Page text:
The annual Golden Globe Awards, which honor both TV and movies, have never had the flash of the , and for decades that didn’t seem to matter. For many, the Globes were another chance to see dressed-up stars collect shiny trophies and thank their agents. But in 2021, both the Golden Globes and the Hollywood Foreign Press Association, the group that gives them out, are under fire. NBC has announced it won’t televise the show in 2022, and actor .
Here’s a look at the Globes’ tangled history and uncertain future. (We’ve reached out to the HFPA for comment but haven’t yet heard back.)
What’s the controversy?
Well, it’s not just a single controversy. The Hollywood Foreign Press Association isn’t exactly the prestigious Academy of Motion Picture Arts and Sciences. It’s a tiny group of journalists and photographers, founded in 1943, with members from more than 50 countries, though active members must live in Southern California. In February, the Los Angeles Times published a scorching story about problems within the group, and since then the Golden Globes, the group’s high-profile awards show, has been in the spotlight.
No Black voting members
The Hollywood Foreign Press Association is a small group of just 87 critics, and the Los Angeles Times report said the group has no Black voting members. Its most recent list of nominations didn’t include several Black-led Oscar contenders, including Da 5 Bloods, Ma Rainey’s Black Bottom and Judas and the Black Messiah.
The membership was questioned in other ways, too — the Times said “relatively few (HFPA members) work full-time for major overseas outlets.”
Former group president’s email
Recently, former President Philip Berk was expelled from the HFPA for sharing with group members an article that described Black Lives Matter as a “racist hate group.” He later said he “forwarded it as a point of information.”
Berk, 88, wasn’t just a random member. He was president of the group for eight years and a member for 44 years. And actor Brendan Fraser said Berk groped him in 2003. Berk denied that things happened as Fraser described and said he “pinched (Fraser) in jest.”
In 2019, 30 members of the group were flown to France for a luxury trip to the set of the Netflix show Emily in Paris, which later received two surprising Golden Globes nominations. Insider.com reported the trip was paid for by Paramount Network, the show’s original producers, though the HFPA said in a statement to Insider the group paid for the airfare for its members on that trip.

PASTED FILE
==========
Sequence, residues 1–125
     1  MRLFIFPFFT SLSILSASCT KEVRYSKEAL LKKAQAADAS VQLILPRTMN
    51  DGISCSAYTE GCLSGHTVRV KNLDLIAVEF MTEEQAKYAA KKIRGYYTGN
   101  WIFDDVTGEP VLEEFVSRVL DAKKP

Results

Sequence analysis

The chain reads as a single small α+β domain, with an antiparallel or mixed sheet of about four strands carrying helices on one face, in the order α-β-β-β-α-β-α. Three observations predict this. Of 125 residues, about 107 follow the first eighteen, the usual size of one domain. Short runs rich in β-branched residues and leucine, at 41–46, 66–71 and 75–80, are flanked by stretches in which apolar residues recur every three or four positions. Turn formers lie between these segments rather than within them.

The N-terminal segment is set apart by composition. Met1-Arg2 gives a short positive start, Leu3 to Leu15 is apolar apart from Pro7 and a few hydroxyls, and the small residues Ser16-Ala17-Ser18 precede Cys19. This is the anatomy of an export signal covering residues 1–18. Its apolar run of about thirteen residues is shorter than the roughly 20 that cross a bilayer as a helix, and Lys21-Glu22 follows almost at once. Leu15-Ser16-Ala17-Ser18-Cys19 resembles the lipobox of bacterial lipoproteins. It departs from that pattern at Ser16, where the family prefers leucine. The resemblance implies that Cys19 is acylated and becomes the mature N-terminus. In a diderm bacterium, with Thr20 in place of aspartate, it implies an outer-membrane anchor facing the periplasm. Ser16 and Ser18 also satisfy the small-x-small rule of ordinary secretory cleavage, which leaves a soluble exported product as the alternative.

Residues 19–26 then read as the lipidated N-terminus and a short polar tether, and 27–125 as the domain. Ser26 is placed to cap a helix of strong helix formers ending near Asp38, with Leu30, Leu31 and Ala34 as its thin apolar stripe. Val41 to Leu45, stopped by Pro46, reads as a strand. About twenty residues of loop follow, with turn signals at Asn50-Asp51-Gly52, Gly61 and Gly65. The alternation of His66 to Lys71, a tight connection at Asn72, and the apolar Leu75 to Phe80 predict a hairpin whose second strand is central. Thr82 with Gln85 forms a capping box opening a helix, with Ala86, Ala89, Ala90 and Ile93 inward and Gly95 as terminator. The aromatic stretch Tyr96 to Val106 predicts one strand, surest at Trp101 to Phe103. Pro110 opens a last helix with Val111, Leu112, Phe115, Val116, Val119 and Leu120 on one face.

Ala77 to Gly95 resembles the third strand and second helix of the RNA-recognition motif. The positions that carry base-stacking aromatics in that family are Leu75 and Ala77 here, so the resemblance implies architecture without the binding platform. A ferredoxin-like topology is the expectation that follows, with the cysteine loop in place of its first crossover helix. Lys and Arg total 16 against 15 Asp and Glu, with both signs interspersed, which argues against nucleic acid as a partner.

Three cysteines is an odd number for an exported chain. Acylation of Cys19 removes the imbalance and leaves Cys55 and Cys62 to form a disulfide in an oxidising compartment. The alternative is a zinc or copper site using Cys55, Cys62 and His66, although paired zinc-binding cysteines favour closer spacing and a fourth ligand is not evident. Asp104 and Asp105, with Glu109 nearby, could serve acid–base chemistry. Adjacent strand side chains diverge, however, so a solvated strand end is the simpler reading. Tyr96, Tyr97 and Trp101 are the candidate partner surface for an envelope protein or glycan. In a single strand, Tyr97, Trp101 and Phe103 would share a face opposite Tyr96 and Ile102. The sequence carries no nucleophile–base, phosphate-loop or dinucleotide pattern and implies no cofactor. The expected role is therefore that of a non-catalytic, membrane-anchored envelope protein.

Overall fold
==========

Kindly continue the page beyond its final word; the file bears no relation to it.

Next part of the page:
In an opinion piece that ran in the Guardian, one of the Emily in Paris writers said “it never occurred to me that our show would be nominated.” That same writer pointed out that the Golden Globes snubbed the much more highly acclaimed I May Destroy You, which has a predominantly Black British cast. The question being asked seems clear: Were the producers able to buy Golden Globe nominations by pampering the foreign critics?
The Emily in Paris junket isn’t a one-off type of event. The Times report said HFPA members “are routinely granted exclusive access to Hollywood power players, invited to junkets in exotic locales, put up in five-star hotels and, as Globes nominations near, lavished with gifts, dinners and star-studded parties.”
Payments to members
The LA Times report also said the HFPA, a tax-exempt nonprofit, pays its members in ways that could violate IRS guidelines.
“HFPA members collected nearly $2 million in payments from the group in its fiscal year ending in June 2020 for serving on various committees and performing other tasks — more than double the level three years earlier,” the LA Times reported.
The Times wrote that “by the end of 2020, the association was collectively paying nearly $100,000 a month to members serving on more than a dozen different committees.” The film and television academies, the groups running the Oscars and Emmys, don’t pay their members to serve on committees, the report said.
The HFPA responded to the newspaper by saying its compensation is based on market rates, and that payments are “vetted by a professional nonprofit compensation consultant and outside counsel, where appropriate.”